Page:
Knowing Yoga Asanas
The Sanskrit term ‘Yoga’ translates to ‘union’. Yoga is defined as the integration of the ‘being’ with the ‘divine’. Indeed, it is the science of the physical and the spiritual body. The practice of Yoga originated in India and the earliest reference about Yoga is found in the Hindu scriptures such as the Rig Veda, the Upanishads, and Patanjali’s ‘Yoga-sutra’.
Patanjali described the various Yoga Asanas as a group of physical, mental, and spiritual practices in the form of ‘Sutras’ or aphorisms. Moreover, an ‘asana’ translates to ‘a sitting position’ which is steady and comfortable and enables you to sit in it for a long duration of time.
The Surya-Namaskar or Sun Salutation is a combination of 12 powerful yoga asanas. Besides being an unexcelled cardio-vascular exercise it is also an opportunity to express gratitude to the Sun for sustaining life on this planet. Ideally, it is practiced at the beginning of the practice of yoga asanas.
You can perform the Surya-Namaskar in the following way. In ‘Hastauttanasana’ – As you breathe in, lift both arms from the sides keeping the biceps close to the ears and try to deepen the stretch. In ‘Hastapadasana’ – Breathing out, bend forward and bring the hands down to the floor from the waist keeping the spine erect.
‘Ashwa Sanchalanasana’ – Breathing in, push your right leg back as much possible. Bring the left foot to the floor exactly between the palms. Next, perform the ‘Dandasana’ – Take the left leg back and bring the whole body in a straight line, keeping the arms perpendicular to the floor as you breathe in.
‘Ashtanga Namaskara’ – Now gently bring the knees down to the floor and exhale. Take the hips back slightly and touch the floor with the two hands, two feet, two knees, chest, and chin. ‘Bhujangasana’- Slide forward and raise the chest up into a Cobra pose.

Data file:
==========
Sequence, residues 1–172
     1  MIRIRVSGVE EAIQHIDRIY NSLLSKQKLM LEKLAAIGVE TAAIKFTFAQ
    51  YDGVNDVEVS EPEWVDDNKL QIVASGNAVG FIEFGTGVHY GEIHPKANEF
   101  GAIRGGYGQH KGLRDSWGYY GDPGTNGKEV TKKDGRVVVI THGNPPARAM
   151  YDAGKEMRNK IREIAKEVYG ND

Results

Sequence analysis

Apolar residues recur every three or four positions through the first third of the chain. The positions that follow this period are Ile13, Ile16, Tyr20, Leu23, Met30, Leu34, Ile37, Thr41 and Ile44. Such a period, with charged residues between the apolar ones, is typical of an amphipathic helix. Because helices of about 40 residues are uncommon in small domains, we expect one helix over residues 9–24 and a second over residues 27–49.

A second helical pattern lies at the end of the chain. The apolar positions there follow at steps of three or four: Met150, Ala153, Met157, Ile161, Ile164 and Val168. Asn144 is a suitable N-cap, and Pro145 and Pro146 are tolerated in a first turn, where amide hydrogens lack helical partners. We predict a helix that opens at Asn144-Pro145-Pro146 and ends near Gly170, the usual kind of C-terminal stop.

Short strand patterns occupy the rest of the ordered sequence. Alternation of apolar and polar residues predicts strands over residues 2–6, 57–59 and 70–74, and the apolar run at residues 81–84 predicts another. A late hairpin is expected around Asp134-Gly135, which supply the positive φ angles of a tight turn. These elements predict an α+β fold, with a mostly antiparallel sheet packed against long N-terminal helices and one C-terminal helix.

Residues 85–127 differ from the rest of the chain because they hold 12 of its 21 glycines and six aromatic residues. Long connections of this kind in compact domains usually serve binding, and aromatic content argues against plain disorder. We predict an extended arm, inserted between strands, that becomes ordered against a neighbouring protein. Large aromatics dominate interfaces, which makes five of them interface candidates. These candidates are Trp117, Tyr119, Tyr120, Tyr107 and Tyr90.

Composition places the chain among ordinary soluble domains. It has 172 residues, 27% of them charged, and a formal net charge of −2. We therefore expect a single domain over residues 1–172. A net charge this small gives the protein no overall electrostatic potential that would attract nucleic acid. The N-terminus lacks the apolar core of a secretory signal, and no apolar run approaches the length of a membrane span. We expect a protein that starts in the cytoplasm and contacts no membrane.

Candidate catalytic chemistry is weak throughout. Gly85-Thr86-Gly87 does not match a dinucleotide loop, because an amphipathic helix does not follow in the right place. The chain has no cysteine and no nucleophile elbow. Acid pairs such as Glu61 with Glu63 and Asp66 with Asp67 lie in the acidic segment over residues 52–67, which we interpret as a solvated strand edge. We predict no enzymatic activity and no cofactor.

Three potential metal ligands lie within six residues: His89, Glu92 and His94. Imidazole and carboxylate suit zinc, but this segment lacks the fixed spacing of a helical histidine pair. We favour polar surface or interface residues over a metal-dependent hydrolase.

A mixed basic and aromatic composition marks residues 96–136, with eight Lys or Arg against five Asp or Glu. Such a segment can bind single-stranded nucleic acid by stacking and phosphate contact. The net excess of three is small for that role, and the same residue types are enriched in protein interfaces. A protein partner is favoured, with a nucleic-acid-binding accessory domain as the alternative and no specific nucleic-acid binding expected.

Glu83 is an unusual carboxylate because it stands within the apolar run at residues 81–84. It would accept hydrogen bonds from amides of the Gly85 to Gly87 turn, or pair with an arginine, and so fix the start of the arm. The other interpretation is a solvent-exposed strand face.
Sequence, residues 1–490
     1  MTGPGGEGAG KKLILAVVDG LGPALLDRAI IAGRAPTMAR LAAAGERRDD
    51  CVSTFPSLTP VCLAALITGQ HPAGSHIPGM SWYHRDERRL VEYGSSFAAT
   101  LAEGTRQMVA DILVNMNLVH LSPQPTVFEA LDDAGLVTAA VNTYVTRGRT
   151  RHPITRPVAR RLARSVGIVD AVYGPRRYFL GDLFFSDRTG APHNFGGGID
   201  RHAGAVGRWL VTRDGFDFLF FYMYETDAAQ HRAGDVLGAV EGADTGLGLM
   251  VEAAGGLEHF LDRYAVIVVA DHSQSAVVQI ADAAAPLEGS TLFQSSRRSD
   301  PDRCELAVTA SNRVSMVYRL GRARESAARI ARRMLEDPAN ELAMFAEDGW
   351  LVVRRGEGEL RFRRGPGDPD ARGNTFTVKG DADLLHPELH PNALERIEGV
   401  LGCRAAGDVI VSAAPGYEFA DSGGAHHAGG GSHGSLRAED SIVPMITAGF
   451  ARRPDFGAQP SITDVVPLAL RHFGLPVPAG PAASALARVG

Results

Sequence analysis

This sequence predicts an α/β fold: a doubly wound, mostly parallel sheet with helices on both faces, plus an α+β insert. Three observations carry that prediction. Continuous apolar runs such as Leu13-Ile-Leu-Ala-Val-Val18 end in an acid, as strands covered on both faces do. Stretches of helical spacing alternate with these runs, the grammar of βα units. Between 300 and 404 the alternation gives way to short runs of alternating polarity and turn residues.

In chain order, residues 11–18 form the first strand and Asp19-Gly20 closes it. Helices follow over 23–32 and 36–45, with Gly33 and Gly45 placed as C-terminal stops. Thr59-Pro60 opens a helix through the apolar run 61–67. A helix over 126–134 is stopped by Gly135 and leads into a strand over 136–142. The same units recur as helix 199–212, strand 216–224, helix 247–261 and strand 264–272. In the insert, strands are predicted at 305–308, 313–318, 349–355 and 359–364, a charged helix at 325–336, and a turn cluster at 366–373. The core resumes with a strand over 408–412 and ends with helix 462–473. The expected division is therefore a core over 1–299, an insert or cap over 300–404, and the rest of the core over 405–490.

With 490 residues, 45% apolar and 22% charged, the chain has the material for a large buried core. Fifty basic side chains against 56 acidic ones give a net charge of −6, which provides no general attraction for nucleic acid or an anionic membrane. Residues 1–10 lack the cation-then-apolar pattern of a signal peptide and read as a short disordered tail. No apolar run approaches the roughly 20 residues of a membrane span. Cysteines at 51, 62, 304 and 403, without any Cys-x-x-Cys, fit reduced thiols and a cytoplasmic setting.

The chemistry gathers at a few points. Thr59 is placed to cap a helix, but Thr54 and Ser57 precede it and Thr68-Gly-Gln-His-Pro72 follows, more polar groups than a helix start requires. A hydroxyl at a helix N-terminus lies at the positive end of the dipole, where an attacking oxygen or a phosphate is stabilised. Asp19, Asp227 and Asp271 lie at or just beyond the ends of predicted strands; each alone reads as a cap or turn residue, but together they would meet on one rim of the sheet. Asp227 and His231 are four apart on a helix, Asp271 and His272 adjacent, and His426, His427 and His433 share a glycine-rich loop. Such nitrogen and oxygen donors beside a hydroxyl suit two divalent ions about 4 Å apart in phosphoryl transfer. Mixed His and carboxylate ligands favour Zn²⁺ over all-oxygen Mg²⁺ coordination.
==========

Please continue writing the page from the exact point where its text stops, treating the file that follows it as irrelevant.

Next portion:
‘Adho Mukha Svanasana’ – As you exhale, lift the hips up to bring the body into an inverted ‘V’ pose.
Now perform the ‘Ashwa Sanchalanasana’ followed by ‘Hastapadasana’ and ‘Hastauttanasana’. As you exhale, straighten the body and bring the arms down in Tadasana.
Tadasana or the ‘mountain pose’ is a standing pose that forms the basis for several other yoga asanas. It improves posture, balance, and helps to establish focus. To perform the ‘Taad asana’ – Stand still with your feet together and arms at the sides.
Breathe in as you put your body-weight on the toes and raise your arms slowly and hold the posture for a few seconds. Now, slowly bring your arms and goes back to the initial posture as you exhale. Moreover, you can perform the Tadasana in different variations keeping the inhaling and exhaling process the same.
Shavasana is known as the ‘corpse pose’ is performed at the end of the practice of all yoga asanas. To practice a Shavasana, lie flat on your back with your legs together and arms close to the body, palms facing upwards. Stay relaxed and consciously bring your attention to each part of the body from your feet to the head. The Shavasana helps regain the relaxed state of the body.
With regular practice of yoga asanas, a harmonious relationship between mind and body can be established. Indeed, ancient mystics have practiced yoga as a strict discipline for time immemorable and been able to unlock greater horizons of self. Therefore, we can truly say that Yoga liberates the mind from the restraints of the physical body.